Purpose of review
Although uncommon, systemic vasculitis
is one of the most severe extraglandular manifestations of primary Sjögren's syndrome
(pSS) accounting for the increased morbidity and mortality of the disease. This review aims to describe major previous and recent reports regarding the clinical presentation, prognosis and treatment of systemic vasculitis
associated with pSS.
Both older and recent pSS cohort studies performed over the past several and recent years, have clearly shown that cryoglobulinaemic vasculitis is the most frequent type of systemic vasculitis
accompanying pSS. Antineutrophil cytoplasmic antibody-associated, large and medium vessel vasculitis are described only in sporadic cases. In addition to the overt clinical manifestations of cryoglobulinaemic vasculitis, type II cryoglobulinaemia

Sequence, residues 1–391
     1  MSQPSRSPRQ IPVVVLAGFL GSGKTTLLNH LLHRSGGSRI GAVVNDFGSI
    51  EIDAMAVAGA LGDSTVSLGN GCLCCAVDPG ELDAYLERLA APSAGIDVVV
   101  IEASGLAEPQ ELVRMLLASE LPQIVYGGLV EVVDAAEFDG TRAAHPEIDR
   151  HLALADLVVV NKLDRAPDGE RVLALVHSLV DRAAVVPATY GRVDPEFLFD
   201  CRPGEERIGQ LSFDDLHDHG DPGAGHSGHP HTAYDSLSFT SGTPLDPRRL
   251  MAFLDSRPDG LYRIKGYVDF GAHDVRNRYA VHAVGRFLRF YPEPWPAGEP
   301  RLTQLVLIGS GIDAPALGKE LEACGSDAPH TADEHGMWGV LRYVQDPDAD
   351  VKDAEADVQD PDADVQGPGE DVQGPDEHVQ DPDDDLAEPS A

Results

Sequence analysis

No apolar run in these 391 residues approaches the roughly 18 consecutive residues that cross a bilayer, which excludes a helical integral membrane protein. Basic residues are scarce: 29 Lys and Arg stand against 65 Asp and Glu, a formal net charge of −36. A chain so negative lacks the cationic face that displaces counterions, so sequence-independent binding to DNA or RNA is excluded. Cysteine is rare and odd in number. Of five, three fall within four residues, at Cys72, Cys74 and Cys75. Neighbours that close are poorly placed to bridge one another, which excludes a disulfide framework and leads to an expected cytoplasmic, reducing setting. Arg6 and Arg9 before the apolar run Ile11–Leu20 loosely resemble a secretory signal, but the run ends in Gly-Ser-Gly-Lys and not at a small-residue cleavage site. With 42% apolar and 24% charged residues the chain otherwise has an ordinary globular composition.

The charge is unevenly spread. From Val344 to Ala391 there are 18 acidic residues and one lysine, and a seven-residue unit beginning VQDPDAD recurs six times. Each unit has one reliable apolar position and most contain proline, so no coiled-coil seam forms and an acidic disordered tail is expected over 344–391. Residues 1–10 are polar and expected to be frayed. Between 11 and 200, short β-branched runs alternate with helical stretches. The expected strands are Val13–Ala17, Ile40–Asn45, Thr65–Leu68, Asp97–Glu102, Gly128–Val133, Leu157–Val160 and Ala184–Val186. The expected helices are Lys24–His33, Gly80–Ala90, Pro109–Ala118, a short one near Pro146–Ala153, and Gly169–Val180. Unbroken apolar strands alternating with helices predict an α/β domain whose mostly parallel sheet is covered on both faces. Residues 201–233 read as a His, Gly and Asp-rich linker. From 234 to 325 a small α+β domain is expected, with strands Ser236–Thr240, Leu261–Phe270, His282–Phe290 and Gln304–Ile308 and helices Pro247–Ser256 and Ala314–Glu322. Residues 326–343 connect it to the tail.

, glomerulonephritis and purpura have been correlated with increased risk for B-cell non-Hodgkin lymphoma (NHL) in pSS.
pSS is characterized by autoreactive B and T-cell infiltrates around the epithelial structures of the affected organs, as well as, B-cell hyperreactivity. The latter, is attested by the increased production of autoantibodies, directed against many different organ and nonorgan self-antigens. Vasculitis is a significant and potentially life-threatening complication of the disease depending on the size, localization, histologic type and the pathogenetic mechanisms of the inflammatory process. The potentially irreversible tissue damage, as well as the increased risk for NHL development, prompts the need for early diagnosis and treatment of cryoglobulinaemic vasculitis in pSS.